Over the last 10 years, a number of players have developed autonomous vehicle (AV) systems using deep neural networks (DNNs). These systems have evolved from simple rule-based systems to Advanced Driver Assistance Systems (ADAS) and fully autonomous vehicles. These systems require petabytes of data and thousands of compute units (vCPUs and GPUs) to train.
This post covers build approaches, different functional units of ADAS, design approaches to building a modular pipeline, and the challenges of building an ADAS system.
DNN training methods and design
AV systems are built with deep neural networks. When it comes to the design of an AV system, there are two main approaches. The difference is based on how the DNNs are trained and the system boundary.
Modular training – With a modular pipeline design, the system is split into individual functional units (for example, perception, localization, prediction, and planning). This is a common design paradigm used by many AV system providers. With the whole system split into individual modules, they can be built and trained independently.
End-to-end training – This approach involves training a DNN model that takes raw sensor data as input and outputs the driving command. This is a monolithic architecture and is mainly explored by researchers. The DNN architecture is typically based on reinforcement learning (RL) based on a reward/penalty system or imitation learning (IL) by observing a human driving the vehicle. Although the overall architecture is simple, it’s hard to interpret and diagnose the monolith. However, annotations are cheap because the system learns from the data collected through human behavior.
In addition to these two approaches, researchers are also exploring a hybrid approach that trains two different DNNs that are connected by an intermediate representation.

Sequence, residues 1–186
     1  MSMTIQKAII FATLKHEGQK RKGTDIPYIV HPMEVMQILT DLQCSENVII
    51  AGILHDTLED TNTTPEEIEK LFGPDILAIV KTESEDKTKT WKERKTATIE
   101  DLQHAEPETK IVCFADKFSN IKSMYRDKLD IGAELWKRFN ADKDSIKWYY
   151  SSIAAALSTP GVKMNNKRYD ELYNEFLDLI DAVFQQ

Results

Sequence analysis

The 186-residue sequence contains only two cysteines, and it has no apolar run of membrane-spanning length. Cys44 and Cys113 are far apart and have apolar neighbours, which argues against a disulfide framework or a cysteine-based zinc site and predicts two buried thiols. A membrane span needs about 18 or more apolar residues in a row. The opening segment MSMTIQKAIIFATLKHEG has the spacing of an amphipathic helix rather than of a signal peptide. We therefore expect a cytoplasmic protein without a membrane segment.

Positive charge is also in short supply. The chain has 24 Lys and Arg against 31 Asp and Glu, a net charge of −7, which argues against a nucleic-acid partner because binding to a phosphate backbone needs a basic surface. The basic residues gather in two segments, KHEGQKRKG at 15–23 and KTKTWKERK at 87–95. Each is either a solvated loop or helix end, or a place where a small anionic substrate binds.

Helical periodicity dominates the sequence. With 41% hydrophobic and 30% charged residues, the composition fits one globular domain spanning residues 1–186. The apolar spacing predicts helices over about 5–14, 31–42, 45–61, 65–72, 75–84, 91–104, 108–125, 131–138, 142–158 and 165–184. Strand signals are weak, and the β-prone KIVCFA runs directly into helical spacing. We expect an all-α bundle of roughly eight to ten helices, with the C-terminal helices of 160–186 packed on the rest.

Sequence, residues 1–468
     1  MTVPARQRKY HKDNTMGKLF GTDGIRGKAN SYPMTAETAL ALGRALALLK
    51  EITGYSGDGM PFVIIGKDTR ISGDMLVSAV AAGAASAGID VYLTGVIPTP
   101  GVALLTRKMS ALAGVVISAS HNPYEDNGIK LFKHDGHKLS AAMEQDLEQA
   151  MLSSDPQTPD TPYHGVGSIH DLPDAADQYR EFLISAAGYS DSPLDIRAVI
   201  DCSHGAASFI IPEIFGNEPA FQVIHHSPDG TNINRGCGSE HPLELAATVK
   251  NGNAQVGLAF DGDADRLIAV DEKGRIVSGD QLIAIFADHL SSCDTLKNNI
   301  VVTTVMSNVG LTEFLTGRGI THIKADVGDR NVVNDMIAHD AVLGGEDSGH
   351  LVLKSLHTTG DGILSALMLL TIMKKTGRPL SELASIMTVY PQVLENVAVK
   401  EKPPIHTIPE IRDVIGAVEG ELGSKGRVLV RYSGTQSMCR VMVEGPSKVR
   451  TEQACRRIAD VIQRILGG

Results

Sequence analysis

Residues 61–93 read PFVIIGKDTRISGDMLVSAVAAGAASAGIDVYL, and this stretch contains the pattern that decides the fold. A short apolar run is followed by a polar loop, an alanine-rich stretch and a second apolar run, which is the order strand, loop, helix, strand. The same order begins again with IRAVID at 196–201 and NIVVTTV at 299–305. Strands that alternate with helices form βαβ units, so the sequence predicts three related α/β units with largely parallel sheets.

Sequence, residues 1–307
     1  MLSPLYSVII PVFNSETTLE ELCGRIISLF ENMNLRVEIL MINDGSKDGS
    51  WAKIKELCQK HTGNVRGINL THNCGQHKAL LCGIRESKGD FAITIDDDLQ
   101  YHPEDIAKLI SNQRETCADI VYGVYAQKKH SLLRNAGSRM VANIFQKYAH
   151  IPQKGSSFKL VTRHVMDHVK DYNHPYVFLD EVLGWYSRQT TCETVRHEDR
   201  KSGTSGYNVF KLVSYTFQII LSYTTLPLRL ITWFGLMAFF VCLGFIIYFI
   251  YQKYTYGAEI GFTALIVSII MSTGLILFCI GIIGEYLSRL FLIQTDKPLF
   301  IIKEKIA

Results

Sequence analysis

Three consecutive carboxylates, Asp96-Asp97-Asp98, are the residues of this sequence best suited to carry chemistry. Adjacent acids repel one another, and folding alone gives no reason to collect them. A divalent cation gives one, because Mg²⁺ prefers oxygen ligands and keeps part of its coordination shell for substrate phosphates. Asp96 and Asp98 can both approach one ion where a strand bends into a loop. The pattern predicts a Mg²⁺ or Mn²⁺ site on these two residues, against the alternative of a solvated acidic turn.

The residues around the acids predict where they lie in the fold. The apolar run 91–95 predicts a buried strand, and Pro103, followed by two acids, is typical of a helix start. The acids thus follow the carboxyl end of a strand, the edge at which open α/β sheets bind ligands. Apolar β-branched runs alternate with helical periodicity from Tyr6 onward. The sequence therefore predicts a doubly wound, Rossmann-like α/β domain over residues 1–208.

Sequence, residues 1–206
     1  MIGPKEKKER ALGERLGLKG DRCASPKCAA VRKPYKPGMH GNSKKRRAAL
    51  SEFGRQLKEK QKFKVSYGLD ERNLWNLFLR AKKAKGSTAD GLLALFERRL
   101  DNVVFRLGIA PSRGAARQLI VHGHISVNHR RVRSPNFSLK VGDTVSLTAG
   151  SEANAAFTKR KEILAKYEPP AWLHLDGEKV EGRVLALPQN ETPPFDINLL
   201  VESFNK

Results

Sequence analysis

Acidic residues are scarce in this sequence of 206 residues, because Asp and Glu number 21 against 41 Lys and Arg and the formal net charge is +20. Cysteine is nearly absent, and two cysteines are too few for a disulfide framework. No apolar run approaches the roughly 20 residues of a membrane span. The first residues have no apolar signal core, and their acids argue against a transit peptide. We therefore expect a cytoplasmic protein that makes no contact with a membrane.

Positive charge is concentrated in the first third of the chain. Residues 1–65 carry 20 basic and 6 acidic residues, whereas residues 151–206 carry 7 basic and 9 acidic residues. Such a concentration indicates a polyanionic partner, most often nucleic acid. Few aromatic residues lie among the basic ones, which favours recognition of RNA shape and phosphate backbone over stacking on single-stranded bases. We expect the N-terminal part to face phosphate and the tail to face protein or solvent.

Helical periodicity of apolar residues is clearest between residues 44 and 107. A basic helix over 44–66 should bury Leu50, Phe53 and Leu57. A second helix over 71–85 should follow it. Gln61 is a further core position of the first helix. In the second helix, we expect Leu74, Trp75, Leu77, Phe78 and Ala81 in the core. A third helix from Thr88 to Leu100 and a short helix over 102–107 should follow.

This post explains the functions based on a modular pipeline approach.
The SAE International (formerly called as Society of Automotive Engineers) J3016 standard defines six levels of driving automation, and is the most cited source for driving automation. This ranges from Level 0 (no automation) to Level 5 (full driving automation), as shown in the following table.
No Driving Automation
Partial driving automation
Conditional driving automation
System drives with human as backup
High driving automation
Full driving automation
The following diagram provides an overview of a modular functions design.
At the higher levels of automation (Level 2 and above), the AD system performs multiple functions:
Data collection – The AV system gathers information about the vehicle’s surroundings in real time with centimeter accuracy. The vehicle is equipped with various devices, and the functions of these devices vary and intersect in a number of ways. AV is still an evolving space and there is no consensus and standardization of types of sensors and devices attached. In addition to the devices listed here, vehicles might also have GPS for navigation, and use maps and Inertial Measurement Units (IMUs) to measure linear and angular acceleration. Depending on the type of ADAS system, you will see a combination of the following devices: